Aldose reductase, ocular diabetic complications and the development of topical Kinostat®

Peter F Kador, Milton Wyman, Peter J. Oates

Research output: Contribution to journalReview article

26 Citations (Scopus)

Abstract

Diabetes mellitus (DM) is a major health problem with devastating effects on ocular health in both industrialized and developing countries. The control of hyperglycemia is critical to minimizing the impact of DM on ocular tissues because inadequate glycemic control leads to ocular tissue changes that range from a temporary blurring of vision to permanent vision loss. The biochemical mechanisms that promote the development of diabetic complications have been extensively studied. As a result, a number of prominent biochemical pathways have been identified. Among these, the two-step sorbitol pathway has been the most extensively investigated; nevertheless, it remains controversial. To date, long-term pharmacological studies in animal models of diabetes have demonstrated that the onset and development of ocular complications that include keratopathy, retinopathy and cataract can be ameliorated by the control of excess metabolic flux through aldose reductase (AR). Clinically the alleles of AR have been linked to the rapidity of onset and severity of diabetic ocular complications in diabetic patient populations around the globe. In spite of these promising preclinical and human genetic rationales, several clinical trials of varying durations with structurally diverse aldose reductase inhibitors (ARIs) have shown limited success or failure in preventing or arresting diabetic retinopathy. Despite these clinical setbacks, topical ARI Kinostat® promises to find a home in clinical veterinary ophthalmology where its anticipated approval by the FDA will present an alternative treatment paradigm to cataract surgery in diabetic dogs. Here, we critically review the role of AR in diabetes mellitus-linked ocular disease and highlight the development of Kinostat® for cataract prevention in diabetic dogs. In addition to the veterinary market, we speculate that with further safety and efficacy studies in humans, Kinostat® or a closely related product could have a future role in treating diabetic keratopathy.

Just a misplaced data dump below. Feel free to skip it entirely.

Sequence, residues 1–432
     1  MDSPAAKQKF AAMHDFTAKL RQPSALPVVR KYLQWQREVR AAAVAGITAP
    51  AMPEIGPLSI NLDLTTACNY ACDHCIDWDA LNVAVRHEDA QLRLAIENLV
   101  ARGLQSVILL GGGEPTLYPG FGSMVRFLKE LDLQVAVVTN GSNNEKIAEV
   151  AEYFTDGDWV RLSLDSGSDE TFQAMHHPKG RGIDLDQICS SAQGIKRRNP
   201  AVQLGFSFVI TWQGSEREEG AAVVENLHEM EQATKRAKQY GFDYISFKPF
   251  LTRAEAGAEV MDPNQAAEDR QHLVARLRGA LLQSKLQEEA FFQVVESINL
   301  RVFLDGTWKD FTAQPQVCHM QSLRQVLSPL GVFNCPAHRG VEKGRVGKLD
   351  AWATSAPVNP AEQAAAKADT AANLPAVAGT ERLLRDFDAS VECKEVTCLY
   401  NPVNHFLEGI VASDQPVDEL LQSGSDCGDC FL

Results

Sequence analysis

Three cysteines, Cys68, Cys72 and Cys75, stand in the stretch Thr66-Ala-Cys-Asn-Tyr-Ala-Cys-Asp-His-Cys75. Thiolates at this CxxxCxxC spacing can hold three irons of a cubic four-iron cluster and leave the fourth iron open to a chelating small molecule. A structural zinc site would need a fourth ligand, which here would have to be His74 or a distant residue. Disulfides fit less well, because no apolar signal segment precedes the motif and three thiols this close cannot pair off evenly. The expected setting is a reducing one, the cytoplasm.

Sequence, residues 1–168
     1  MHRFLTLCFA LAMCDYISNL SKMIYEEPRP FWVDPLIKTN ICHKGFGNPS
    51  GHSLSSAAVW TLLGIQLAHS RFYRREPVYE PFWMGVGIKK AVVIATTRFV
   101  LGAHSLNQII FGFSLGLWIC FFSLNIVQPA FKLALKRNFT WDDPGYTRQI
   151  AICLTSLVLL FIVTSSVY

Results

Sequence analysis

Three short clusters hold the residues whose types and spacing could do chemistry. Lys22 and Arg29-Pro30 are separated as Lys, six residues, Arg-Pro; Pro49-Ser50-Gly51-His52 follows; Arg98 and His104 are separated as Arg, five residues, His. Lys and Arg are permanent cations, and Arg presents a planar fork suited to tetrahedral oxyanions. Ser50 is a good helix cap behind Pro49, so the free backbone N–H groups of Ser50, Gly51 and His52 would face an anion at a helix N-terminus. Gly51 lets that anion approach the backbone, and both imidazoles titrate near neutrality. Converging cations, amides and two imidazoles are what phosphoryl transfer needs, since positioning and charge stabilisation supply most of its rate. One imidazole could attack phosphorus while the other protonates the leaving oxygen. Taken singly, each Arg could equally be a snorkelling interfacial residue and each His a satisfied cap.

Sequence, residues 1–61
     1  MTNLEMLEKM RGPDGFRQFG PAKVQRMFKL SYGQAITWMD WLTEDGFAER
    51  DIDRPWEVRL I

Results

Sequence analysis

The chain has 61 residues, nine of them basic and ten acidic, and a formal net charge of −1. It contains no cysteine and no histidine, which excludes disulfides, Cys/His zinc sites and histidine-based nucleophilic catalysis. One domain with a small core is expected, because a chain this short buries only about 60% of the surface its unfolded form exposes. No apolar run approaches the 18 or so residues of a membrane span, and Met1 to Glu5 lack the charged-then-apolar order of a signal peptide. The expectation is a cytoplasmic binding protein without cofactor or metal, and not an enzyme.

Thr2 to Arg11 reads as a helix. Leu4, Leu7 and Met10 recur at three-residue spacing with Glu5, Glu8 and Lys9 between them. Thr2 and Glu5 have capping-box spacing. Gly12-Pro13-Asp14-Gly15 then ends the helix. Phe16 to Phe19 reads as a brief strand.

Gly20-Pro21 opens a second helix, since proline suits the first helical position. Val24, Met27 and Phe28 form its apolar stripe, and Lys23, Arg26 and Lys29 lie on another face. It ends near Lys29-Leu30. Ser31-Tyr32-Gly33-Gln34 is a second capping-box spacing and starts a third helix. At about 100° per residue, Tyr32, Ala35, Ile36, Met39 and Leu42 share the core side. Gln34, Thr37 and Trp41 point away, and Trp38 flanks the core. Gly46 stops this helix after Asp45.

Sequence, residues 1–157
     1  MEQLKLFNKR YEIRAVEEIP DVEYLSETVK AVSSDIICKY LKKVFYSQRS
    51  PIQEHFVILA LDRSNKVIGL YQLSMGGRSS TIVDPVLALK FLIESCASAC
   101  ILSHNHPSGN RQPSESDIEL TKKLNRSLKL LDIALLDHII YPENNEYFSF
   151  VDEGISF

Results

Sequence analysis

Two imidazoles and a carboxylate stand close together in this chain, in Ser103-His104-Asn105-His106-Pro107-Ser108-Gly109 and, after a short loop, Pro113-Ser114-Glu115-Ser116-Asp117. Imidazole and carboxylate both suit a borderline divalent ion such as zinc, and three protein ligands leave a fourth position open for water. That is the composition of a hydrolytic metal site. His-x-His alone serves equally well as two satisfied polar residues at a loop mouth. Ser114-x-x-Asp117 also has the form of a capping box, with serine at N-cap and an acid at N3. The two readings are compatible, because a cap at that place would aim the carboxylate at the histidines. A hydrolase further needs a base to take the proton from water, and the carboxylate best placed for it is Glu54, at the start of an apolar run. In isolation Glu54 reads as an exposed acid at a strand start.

Original languageEnglish (US)
Pages (from-to)1-29
Number of pages29
JournalProgress in Retinal and Eye Research
Volume54
DOIs
StatePublished - Sep 1 2016

Fingerprint

Aldehyde Reductase
Diabetes Complications
Cataract
Diabetes Mellitus
Dogs
Sorbitol
Eye Diseases
Health
Medical Genetics
Diabetic Retinopathy
Ophthalmology
Developed Countries
Hyperglycemia
Developing Countries
Animal Models
Alleles
Clinical Trials
Pharmacology
Safety
Population

Keywords

  • Aldose reductase inhibitor
  • Diabetic cataract
  • Diabetic keratopathy
  • Diabetic retinopathy
  • Kinostat

ASJC Scopus subject areas

  • Ophthalmology
  • Sensory Systems

Cite this

Aldose reductase, ocular diabetic complications and the development of topical Kinostat®. / Kador, Peter F; Wyman, Milton; Oates, Peter J.

In: Progress in Retinal and Eye Research, Vol. 54, 01.09.2016, p. 1-29.

Research output: Contribution to journalReview article

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